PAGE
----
Bulletin Editor Anirban DasGupta sets this problem. Student members of the IMS are invited to submit solutions (to bulletin@imstat.org with subject “Student Puzzle Corner”). The deadline is January 25, 2019.

Anirban DasGupta says:

The previous problem on inference based on the distribution of a nonsufficient statistic required the use of both Markov Chain theory and statistical inference [see solution below]. It was a problem on probability and statistics simultaneously. This month we pose a rather simple problem which should be fun to think about, and has many possible answers! So, hopefully, many of you will think of one of the correct answers.

Let $C(\mu , 1)$ denote the Cauchy distribution on the real line with location parameter $\mu $ and scale parameter equal to one. Suppose $\mu $ belongs to $\mathcal{R}$ (the parameter space) and that we wish to estimate it under squared error loss function. Let $X_1, X_2, \cdots $ be an iid $C(\mu , 1)$ sequence. Assume that $n > 7$. Give, with proof, a sequence of estimators $T_n(X_1, X_2, \cdots , X_n)$ of $\mu $, such that:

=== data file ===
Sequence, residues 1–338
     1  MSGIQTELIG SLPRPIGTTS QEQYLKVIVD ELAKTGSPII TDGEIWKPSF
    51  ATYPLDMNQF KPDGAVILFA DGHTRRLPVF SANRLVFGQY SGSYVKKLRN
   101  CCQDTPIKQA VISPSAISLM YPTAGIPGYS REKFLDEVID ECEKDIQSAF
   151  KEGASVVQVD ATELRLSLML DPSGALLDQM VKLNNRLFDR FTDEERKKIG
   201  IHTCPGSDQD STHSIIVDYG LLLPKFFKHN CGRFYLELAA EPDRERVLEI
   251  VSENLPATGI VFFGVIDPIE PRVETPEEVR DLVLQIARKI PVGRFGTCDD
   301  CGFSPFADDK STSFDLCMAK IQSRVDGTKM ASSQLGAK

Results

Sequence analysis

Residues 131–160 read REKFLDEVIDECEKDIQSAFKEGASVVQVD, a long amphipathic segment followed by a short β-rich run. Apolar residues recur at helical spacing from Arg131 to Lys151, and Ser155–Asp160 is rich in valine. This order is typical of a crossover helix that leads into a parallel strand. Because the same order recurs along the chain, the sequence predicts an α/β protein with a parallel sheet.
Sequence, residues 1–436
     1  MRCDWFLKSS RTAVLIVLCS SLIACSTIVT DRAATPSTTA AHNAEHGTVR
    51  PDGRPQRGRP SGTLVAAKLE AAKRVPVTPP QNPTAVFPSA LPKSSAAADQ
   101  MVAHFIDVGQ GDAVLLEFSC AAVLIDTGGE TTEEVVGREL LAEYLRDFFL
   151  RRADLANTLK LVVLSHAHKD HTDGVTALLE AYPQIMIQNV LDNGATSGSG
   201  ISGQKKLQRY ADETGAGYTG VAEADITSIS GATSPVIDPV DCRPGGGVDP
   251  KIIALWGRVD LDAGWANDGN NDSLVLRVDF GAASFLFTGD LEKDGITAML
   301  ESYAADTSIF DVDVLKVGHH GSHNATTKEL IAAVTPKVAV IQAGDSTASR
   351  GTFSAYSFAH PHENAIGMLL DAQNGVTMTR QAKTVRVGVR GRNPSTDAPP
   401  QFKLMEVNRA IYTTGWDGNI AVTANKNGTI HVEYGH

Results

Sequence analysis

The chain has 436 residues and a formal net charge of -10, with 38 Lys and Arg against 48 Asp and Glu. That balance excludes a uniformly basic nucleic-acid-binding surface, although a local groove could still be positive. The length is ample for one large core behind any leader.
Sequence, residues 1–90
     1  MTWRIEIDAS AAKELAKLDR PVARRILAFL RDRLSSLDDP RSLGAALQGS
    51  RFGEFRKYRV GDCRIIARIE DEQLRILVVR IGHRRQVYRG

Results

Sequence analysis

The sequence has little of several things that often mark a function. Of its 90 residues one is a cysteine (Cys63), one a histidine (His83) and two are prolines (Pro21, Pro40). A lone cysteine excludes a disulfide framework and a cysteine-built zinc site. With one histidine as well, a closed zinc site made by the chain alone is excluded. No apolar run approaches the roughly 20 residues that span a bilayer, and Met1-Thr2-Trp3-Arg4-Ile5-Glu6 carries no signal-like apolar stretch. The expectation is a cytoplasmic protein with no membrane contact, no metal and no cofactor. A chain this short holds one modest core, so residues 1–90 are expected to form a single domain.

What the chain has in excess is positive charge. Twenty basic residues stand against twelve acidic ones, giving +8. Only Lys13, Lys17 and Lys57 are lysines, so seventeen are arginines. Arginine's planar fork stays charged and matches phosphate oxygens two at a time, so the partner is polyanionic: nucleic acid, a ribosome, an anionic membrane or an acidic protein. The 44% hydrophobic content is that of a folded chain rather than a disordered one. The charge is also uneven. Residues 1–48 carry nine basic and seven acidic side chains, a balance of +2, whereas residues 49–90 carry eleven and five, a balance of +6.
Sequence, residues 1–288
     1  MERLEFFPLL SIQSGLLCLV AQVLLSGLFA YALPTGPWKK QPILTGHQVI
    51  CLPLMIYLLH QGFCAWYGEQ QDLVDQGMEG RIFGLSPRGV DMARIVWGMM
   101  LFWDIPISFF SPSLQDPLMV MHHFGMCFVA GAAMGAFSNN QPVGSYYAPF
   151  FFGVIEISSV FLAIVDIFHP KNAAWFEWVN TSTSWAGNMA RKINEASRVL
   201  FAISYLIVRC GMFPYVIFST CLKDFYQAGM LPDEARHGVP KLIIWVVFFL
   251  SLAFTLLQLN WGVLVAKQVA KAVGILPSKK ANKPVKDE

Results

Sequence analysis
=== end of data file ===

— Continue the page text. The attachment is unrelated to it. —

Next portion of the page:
(a) For every $n$, $T_n$ is inadmissible;

(b) For no $n$, $T_n$ is minimax;

(c) For every $n$, $T_n$ is unbiased;

(d) The sequence of estimators ${T_n}$ is asymptotically efficient.

(e) Compute the numerical value of the estimator you have proposed for the following data values:

0.1, 2.9, −0.6, 3.1, 3.6, −6.5, 0.2, 1.0, 2.4, −15.9.


Solution to Puzzle 22

Embed the longest run problem into a stationary Markov chain with the following transition matrix. Denote the observed longest head run in $n$ tosses of a $p$-coin by $L_n$ and suppose we wish to find $P(L_n \geq m), m$ a general nonnegative integer. You go to state zero from state $i$ with probability $1-p$ and go to state $i+1$ from state $i$ with probability $p$, with state $m$ as an absorbing state. Denote this $(m+1) \times (m+1)$ matrix by $P_m$ and let $Q[n,m]$ denote its $n$th power.

Then $P(L_n \geq m)$ is the last element in the zero-th row of $Q[n,m]$.

By evaluating $P(L_n \geq 1) – P(L_n \geq 2)$ with $n = 10$, one gets
\[ P(L_n = 1) = 10p-54p^2+128p^3-189p^4+216p^5-205p^6+144p^7-63p^8+14p^9-p^{10}. \]

It is uniquely maximized at $p \approx .1616$, which is the value of the MLE of $p$ based on $L_n$ alone.

A moment estimate is easily found by inverting the expectation formula
\[ E(L_n) \approx \frac{\log n}{\log \frac{1}{p}} – \frac{\log (1-p)}{\log p}. \]

An approximate solution is
\[ \hat{p} = n^{-1/L_n}. \]

This estimate will have a fairly serious bias problem. However, with work, we can derive (a high order) asymptotic expansion for the bias of $\hat{p}$. Hence, we can correct $\hat{p}$ for its bias, at least to the first order. These are very classic ideas in large sample theory of inference.